(And if you’re a motivator, speaker, instructor/teacher, or leader of any kind, you see how this applies.)

Be purposeful. Make it memorable.
If it works for George, it just might work for you and me.

* Thup
CoffeeAug16-14

 

Let me show you how Neurolinguistic Programming — NLP — is oh-so interesting…and useful for your writing.

I saw this in someone’s Linked In profile:
“My name is Erin — Remember me”
(with someone else’s name, though).

That phrase — Remember Me — is an embedded command
(part of NLP).

Embedded commands tell our brains exactly what to do:
You’ll enjoy reading this.
It’s something you’re going to like and use.
You’ll remember it, because it’s important to you.
(Each of these phrases makes your brain say, uh-huh. Okay.
If you say so
.)

Defined
You’ll find a ton about NLP on the web, but basically,
NLP takes how we think (neuro) and communicate (linguistic),
studies the info,
and then uses it to influence ourselves and others (the way we act).

Though some believe it to be highly controversial and even manipulative, it doesn’t have to be. Ideally, NLP is about transforming. Teaching. Leading.

Because, hey,
It really can work.
“My name is Erin — Remember Me.”
(ha)

What does this have to do with writing?
Aside from the marketing implications for getting your name out as an author (or artist, or photographer, or poet, or screenwriter…etc.) and selling your stuff,

writers,
you can use NLP techniques within your characters:
Antagonists with NLP in their dialogue can be influential…and scary.
Protagonists finally falling into their intended leadership positions can use NLP to lead.
In the language of archetypes, Heralds and Gatekeepers can use NLP to direct.
and so on.

Dialogue. It’s a great place to use NLP.
First person POV. It’s a great place to use NLP.
(The first chapter of Rick Riordan’s The Red Pyramid is full of NLP.)

Read about NLP.
It’s cool.
(And useful.)

* Thup
coffeeAug7-14

 

In fiction, to truncate time is to jump — or skip over — time in the story.

Authors truncate time because we readers don’t need to know every single minute in the character’s life.

Or every single hour. Or every single day. What the heck, we can skip whole months and years, if we want to, and the story goes on.

For example…

* The wet ropes kept slipping, so it took him about five minutes to wrap them around the ship’s metal bars…
* Within five hours, we’d broken down the sprawling camp and packed the two jeeps full…
* The next morning, even after the sun rose, it was still dark as the rain continued
* After five days of driving the reluctant horses across the dusty plains, we rested…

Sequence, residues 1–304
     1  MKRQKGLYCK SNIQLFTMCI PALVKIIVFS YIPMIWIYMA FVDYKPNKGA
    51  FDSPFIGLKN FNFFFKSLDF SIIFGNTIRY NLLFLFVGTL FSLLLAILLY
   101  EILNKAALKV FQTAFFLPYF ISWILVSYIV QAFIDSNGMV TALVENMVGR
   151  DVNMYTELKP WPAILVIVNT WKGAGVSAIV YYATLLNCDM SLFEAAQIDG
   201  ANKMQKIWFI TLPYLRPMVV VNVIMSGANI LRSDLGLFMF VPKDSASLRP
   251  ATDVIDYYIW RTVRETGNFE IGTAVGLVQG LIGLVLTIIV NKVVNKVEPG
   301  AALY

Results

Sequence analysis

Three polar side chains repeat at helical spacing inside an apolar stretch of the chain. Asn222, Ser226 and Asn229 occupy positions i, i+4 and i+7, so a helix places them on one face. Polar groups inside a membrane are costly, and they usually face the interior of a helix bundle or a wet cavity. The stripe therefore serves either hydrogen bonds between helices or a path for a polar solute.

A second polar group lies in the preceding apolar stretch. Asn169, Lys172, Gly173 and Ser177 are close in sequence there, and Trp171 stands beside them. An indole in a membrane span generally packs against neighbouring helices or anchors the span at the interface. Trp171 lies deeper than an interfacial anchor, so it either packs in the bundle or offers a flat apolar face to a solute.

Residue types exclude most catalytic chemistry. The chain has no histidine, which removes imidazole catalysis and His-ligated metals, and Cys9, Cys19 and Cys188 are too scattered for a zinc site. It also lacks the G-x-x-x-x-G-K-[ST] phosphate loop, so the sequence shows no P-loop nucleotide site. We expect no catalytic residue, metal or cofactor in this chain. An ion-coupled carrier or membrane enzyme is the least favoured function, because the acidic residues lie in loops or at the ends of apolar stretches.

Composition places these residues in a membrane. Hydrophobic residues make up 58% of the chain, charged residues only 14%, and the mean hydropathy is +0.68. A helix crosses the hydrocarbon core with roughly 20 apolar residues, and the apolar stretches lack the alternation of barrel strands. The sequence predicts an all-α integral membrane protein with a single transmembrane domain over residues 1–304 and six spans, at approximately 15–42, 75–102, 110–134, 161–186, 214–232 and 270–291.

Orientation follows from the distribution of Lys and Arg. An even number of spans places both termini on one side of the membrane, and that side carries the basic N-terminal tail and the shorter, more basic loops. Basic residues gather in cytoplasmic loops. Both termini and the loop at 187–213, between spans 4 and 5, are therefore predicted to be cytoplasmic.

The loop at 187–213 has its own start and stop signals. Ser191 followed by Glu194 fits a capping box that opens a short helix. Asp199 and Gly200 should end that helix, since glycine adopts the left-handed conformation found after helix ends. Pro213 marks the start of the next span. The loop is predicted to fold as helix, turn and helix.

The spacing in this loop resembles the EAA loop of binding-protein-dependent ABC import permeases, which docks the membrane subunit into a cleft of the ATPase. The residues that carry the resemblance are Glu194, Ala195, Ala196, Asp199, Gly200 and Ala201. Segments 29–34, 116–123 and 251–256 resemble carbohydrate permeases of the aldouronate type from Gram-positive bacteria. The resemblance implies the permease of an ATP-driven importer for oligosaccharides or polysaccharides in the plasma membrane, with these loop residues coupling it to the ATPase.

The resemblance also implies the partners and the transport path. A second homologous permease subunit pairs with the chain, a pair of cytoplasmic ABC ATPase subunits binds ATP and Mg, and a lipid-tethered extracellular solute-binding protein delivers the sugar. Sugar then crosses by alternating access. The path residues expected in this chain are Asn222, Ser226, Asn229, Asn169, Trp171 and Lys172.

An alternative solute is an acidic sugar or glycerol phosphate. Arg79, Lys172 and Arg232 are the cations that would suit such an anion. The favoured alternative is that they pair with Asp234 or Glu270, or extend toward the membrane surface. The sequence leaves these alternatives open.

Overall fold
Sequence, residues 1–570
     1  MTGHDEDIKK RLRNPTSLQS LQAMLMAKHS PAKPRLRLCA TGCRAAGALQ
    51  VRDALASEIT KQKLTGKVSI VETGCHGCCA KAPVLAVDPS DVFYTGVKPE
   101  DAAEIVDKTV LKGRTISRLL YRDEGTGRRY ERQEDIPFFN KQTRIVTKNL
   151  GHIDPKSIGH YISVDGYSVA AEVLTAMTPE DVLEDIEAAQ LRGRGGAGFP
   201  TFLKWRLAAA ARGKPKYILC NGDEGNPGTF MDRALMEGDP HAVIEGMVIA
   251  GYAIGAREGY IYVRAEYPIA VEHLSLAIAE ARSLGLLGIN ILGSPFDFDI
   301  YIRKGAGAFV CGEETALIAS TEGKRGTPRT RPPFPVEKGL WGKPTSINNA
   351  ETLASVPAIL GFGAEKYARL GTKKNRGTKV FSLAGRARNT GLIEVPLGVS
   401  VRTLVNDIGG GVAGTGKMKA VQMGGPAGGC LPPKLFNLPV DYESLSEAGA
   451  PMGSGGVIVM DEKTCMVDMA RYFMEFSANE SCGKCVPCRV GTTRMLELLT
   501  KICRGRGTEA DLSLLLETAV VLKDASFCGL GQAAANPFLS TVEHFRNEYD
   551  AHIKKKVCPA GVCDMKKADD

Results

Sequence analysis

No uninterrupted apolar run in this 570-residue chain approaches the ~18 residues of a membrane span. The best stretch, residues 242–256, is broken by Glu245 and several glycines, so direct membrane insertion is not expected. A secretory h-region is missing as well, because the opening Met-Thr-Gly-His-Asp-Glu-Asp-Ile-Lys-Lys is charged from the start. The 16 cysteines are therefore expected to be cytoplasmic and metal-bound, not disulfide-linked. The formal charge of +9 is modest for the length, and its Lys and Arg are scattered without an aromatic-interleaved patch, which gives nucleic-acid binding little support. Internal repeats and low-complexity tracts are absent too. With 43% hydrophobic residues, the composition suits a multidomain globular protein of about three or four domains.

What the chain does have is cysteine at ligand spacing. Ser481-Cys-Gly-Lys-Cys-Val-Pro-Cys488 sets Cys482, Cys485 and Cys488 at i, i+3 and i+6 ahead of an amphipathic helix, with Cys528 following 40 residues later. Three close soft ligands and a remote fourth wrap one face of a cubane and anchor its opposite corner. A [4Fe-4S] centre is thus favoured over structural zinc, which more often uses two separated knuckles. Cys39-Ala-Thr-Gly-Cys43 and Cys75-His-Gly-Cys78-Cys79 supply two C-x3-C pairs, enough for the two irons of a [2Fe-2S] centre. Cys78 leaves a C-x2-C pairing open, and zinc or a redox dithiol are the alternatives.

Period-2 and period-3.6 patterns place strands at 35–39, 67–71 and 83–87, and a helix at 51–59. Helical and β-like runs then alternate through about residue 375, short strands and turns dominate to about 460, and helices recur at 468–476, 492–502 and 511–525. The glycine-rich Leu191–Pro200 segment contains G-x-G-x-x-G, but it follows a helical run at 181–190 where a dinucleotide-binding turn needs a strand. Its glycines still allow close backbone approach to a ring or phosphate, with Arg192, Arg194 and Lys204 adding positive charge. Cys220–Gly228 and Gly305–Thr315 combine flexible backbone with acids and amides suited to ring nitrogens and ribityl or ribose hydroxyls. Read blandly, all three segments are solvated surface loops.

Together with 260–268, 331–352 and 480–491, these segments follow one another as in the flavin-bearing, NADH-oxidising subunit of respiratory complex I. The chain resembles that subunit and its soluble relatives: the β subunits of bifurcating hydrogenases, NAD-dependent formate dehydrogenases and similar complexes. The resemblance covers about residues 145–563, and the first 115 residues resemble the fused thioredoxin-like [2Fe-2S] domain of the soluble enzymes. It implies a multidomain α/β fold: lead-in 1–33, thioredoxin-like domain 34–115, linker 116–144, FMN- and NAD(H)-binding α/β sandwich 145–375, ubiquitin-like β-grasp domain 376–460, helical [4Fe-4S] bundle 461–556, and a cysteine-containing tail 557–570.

* It took five weeks for the party of twelve to cross the range…

(Okay, you might not get away with five weeks… but if you’re writing/reading a War-and-Peace-type-of-story-thingy, hey, it might happen.)

Truncating time is tricky.
You have to pick and choose the place of your time loss with thought. You have to choose your amount time loss with care.
(It has to make sense.)

In our personal lives, though, truncating time doesn’t make sense.

We have to go through things, good and bad.
We can’t skip the hard parts (even though we’d like to).

(Oh, how we’d like to.)

Pain happens.
Rejection.
Loss.
Death.

And it never comes at a time that’s convenient.

Instead of truncating the time, we go through it.
Minute by minute.
Hour by hour.
Day by day.
Week by week.
Month by month.
Until the bad has passed, and we are okay again, in a new now.

Yes.
We do get through.
The pain gets to be less.
We do find a new path, a new way.
(And it’s good.)

But in the middle, we wish for truncated time.

Think about those around you.
I bet you can be there for someone who wishes for truncated time.

And if you’re in the middle this,
of time you wish could be skipped,
reach upward and outward.
Find a way to give love. Because love, on any level, heals.
And healing takes time.

* Thup
coffeeJul7-14

Yes, I believe in success formulas.
They’re everywhere.
For just about everything.
(In work, life, and love.)

Okay. So if you want to be a successful writer (or creative artist),
read through to the end of this post.

Because writing has success formulas, too.
For instance…

* Look at Blake Snyder‘s Beat Sheet. Following Snyder’s formula, movies surge through the box office to pulse in our veins. We remember the movies: their meaning, their message, and how they made us feel.

* Look at Joseph Campbell’s monomyth and The Hero’s Journey. Following Campbell’s formulas, books surge through bestseller lists and into our cognitive and emotional pathways. We remember the journey, the challenges, and the characters like they’re our friends.

* And I believe that we’re hardwired for story –
hardwired to receive epiphanies, challenges, and emotional catharsis through story. Time after time, story captures and changes us.

You may not like formula, but it’s there.
And it works.

I sat in the movie theater two nights ago enveloped in The Edge of Tomorrowbreathing Blake Snyder’s beats, ticking them off one by one. And I loved it. The formula worked — the beats of story lined up perfectly. The opening image…the setup…the theme stated…the catalyst….right up to the mirrored closing shot. To me, the movie met all my expectations, and then some.

Expectations.
The operative word.
We go about life with expectations.